Selective laser sintering

additive manufacturing technique used for the low volume production of prototype models and functional components
An SLS machine being used at the Centro Renato Archer in Brazil.

Selective laser sintering (SLS) is an additive manufacturing (AM) technique that uses a laser as the power source to sinter powdered material (typically metal), aiming the laser automatically at points in space defined by a 3D model, binding the material together to create a solid structure. It is similar to direct metal laser sintering (DMLS); the two are instantiations of the same concept but differ in technical details. Selective laser melting (SLM) uses a comparable concept, but in SLM the material is fully melted rather than sintered,[1] allowing different properties (crystal structure, porosity, and so on). SLS (as well as the other mentioned AM techniques) is a relatively new technology that so far has mainly been used for rapid prototyping and for low-volume production of component parts. Production roles are expanding as the commercialization of AM technology improves.



Selective laser sintering (SLS) was developed and patented by Dr. Carl Deckard and academic adviser, Dr. Joe Beaman at the University of Texas at Austin in the mid-1980s, under sponsorship of DARPA.[2] Deckard and Beaman were involved in the resulting start up company DTM, established to design and build the SLS machines. In 2001, 3D Systems the biggest competitor of DTM and SLS technology acquired DTM.[3] The most recent patent regarding Deckard's SLS technology was issued 28 January 1997 and expired 28 Jan 2014.[4]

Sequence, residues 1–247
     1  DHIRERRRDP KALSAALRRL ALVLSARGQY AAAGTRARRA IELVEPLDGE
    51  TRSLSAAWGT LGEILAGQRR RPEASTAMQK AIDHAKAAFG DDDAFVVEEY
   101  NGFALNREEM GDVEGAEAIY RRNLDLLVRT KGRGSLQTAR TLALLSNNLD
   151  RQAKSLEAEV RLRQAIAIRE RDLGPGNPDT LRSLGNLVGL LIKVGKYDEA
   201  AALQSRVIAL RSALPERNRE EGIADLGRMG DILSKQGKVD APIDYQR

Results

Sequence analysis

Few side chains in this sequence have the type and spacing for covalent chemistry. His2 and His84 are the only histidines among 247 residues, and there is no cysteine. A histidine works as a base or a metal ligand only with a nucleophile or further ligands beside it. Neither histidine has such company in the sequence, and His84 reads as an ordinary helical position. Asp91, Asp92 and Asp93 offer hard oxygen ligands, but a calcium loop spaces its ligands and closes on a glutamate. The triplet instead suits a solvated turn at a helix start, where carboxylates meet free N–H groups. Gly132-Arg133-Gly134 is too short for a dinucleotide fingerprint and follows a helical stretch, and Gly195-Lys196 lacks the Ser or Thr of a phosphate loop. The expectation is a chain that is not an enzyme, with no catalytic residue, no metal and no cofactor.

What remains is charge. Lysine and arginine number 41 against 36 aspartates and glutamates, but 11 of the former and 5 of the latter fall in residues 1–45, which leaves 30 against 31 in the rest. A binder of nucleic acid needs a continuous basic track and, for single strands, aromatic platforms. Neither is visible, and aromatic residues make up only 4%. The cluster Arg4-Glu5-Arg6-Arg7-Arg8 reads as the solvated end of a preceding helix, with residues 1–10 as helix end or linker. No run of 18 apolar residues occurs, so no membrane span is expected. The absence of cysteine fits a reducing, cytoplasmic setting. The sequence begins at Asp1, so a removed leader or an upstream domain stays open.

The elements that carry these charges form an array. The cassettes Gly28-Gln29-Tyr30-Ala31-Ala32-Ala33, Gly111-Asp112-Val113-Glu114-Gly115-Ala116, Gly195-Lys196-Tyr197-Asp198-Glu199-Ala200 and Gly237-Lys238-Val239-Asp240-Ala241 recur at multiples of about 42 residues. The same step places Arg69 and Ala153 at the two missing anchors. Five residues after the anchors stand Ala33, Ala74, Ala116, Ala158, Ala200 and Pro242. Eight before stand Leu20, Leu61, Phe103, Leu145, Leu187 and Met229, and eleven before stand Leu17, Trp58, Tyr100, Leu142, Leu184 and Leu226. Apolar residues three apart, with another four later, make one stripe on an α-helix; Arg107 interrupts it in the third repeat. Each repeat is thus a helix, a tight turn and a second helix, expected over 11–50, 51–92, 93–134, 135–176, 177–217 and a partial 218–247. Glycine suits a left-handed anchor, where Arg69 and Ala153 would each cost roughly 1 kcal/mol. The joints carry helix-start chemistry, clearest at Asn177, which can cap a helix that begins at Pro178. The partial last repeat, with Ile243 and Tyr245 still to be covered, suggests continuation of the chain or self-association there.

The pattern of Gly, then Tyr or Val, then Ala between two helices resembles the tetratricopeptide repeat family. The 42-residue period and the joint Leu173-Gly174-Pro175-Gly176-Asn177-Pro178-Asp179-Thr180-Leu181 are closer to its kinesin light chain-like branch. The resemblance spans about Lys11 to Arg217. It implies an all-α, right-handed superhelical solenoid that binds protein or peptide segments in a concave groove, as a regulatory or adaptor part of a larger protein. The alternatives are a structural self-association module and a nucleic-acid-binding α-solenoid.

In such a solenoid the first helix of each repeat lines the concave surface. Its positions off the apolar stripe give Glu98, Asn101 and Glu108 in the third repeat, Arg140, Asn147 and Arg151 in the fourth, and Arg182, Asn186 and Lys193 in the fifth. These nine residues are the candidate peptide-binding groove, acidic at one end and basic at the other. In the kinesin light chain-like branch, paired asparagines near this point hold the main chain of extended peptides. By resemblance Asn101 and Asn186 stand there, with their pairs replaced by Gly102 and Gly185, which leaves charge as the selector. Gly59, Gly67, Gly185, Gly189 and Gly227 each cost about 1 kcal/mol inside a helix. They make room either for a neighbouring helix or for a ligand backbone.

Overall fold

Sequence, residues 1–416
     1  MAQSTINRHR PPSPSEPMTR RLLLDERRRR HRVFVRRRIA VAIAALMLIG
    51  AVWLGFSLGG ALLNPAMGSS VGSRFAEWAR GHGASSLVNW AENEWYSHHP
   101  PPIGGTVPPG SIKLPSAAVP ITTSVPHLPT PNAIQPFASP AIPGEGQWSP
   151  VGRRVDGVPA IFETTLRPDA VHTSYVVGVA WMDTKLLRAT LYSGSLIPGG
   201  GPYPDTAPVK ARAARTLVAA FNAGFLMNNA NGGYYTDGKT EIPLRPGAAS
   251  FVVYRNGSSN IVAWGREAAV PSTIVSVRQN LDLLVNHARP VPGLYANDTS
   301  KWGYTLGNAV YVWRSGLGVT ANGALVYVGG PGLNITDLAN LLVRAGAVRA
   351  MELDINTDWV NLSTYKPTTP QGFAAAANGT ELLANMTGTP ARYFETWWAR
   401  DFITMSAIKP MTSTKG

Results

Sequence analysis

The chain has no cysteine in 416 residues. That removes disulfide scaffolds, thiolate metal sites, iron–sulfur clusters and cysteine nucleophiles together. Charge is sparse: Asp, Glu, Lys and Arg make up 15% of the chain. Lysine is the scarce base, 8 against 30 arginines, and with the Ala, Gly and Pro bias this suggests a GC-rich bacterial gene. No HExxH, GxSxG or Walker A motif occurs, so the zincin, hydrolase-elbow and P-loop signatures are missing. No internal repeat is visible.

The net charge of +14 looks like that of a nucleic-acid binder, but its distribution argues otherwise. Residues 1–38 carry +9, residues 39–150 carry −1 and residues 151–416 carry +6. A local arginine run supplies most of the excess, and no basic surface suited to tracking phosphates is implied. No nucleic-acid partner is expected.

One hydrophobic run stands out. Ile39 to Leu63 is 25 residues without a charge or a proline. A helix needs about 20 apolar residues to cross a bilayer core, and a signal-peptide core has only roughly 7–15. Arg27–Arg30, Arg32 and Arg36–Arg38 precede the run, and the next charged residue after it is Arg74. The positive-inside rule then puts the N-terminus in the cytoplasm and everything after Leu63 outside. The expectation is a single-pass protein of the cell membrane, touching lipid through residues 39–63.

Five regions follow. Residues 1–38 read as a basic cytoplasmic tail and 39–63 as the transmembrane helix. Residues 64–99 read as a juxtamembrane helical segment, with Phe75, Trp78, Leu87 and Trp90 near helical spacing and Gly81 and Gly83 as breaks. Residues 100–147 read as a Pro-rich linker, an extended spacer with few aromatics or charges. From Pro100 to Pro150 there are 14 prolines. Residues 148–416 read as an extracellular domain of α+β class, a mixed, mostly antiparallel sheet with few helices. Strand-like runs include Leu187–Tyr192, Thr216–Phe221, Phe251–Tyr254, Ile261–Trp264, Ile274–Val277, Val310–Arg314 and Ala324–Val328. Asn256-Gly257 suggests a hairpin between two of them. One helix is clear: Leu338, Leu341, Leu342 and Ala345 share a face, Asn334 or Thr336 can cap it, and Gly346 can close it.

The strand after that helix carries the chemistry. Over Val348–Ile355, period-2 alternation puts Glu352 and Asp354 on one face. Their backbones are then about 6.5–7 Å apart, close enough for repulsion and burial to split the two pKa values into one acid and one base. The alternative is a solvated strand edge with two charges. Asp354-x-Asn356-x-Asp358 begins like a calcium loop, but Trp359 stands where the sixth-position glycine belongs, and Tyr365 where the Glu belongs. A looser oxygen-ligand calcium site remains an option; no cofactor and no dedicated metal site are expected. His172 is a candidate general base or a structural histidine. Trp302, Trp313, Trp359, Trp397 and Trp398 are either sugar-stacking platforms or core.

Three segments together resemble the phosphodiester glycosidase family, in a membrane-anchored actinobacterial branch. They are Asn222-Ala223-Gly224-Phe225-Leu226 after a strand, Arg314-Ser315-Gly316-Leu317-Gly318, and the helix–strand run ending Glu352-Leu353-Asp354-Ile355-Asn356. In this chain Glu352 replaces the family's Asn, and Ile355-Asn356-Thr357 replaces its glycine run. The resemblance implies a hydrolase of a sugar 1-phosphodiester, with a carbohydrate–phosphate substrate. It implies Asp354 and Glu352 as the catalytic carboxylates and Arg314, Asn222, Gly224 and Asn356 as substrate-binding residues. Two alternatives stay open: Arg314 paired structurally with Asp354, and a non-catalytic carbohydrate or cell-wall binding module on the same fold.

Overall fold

A similar process was patented without being commercialized by R. F. Housholder in 1979.[5]


An additive manufacturing layer technology, SLS involves the use of a high power laser (for example, a carbon dioxide laser) to fuse small particles of plastic, metal, ceramic, or glass powders into a mass that has a desired three-dimensional shape. The laser selectively fuses powdered material by scanning cross-sections generated from a 3-D digital description of the part (for example from a CAD file or scan data) on the surface of a powder bed. After each cross-section is scanned, the powder bed is lowered by one layer thickness, a new layer of material is applied on top, and the process is repeated until the part is completed.

Because finished part density depends on peak laser power, rather than laser duration, a SLS machine typically uses a pulsed laser. The SLS machine preheats the bulk powder material in the powder bed somewhat below its melting point, to make it easier for the laser to raise the temperature of the selected regions the rest of the way to the melting point.[6]